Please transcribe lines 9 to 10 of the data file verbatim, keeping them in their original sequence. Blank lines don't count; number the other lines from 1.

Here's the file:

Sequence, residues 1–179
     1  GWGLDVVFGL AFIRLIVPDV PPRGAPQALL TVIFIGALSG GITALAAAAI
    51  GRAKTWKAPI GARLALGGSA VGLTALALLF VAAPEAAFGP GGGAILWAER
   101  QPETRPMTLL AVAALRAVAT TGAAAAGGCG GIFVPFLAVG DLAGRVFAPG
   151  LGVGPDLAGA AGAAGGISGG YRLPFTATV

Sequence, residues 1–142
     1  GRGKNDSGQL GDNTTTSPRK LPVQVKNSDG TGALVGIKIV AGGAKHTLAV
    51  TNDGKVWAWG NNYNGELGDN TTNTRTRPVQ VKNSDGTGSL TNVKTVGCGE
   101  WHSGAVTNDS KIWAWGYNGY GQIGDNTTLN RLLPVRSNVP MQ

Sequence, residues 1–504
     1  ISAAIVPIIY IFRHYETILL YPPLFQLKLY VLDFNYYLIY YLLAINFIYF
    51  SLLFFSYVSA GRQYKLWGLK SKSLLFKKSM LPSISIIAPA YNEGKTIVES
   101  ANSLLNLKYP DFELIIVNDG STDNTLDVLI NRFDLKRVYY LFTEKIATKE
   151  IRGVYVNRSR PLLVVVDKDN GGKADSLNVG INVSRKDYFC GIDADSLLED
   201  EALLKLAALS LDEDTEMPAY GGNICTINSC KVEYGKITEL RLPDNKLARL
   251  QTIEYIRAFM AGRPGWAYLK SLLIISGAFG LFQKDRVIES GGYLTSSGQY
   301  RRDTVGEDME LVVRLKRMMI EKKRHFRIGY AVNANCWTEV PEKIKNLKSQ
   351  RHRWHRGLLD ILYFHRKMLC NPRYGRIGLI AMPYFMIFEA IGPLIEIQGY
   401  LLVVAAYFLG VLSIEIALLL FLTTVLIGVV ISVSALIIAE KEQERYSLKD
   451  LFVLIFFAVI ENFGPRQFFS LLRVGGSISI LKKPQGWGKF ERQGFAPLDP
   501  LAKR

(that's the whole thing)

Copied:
   101  WHSGAVTNDS KIWAWGYNGY GQIGDNTTLN RLLPVRSNVP MQ

Sequence, residues 1–504